Link-up works with adults over the age of 18 who are members of the Stolen Generation or as children spent time in state care. If the child’s parent/s or grandparents agree to work with Link-up then a Link-up referral should be made directly with the Link-up Service of the state they are originally from. Information for Victoria and Tasmania can be found on their website http://linkupvictoria.org.au/our-services/
- Should we include information as to why children can't be with family i.e. protective concerns?
No, this is not relevant to the cultural plan. The goal of a cultural plan is to provide details of the child’s Aboriginal culture and to clearly map out how a child is going to remain connected to their family, community and culture. The plan should always be strengths based and in the best interests of the child, and should only focus on cultural information, family contact plans, cultural and identity specific goals and a return to country planning.
Cultural plans are for the child, so information included should not only represent the voice of the child but should also be written in a child-friendly format. Information should be objective and not include protective concerns, personal opinions and other information that is not relevant to the cultural well-being and development of the child.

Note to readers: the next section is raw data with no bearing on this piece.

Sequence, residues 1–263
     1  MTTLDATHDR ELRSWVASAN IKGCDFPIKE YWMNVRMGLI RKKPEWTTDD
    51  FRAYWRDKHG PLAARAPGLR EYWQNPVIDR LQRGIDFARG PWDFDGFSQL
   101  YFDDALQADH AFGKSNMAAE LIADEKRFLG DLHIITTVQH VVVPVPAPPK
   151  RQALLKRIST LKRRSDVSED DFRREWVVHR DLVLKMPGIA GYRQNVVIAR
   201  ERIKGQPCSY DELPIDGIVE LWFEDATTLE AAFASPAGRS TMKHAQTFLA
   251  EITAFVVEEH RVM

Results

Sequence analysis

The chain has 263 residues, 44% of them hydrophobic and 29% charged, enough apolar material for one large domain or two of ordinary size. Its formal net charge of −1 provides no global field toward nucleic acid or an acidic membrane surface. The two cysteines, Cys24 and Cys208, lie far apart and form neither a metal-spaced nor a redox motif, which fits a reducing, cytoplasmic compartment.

- Do we use first person as I? or you?
As the cultural plan represents the voice of the child and where applicable it is completed in consultation with the child, it should be written in first person.
For younger children or other children who are not able to contribute to the plan, it may be more appropriate to use “you”.
Appropriate Terminology, Indigenous Australian Peoples
Information adapted from 'Using the right words: appropriate terminology for Indigenous Australian studies' 1996 in Teaching the Teachers: Indigenous Australian Studies for Primary Pre-Service Teacher Education. School of Teacher Education, University of New South Wales.Download
Cultural Planning - FAQ
It is essential that cultural generalisations are avoided, and individual and unique significant cultural customs are always explored in the cultural planning process.Download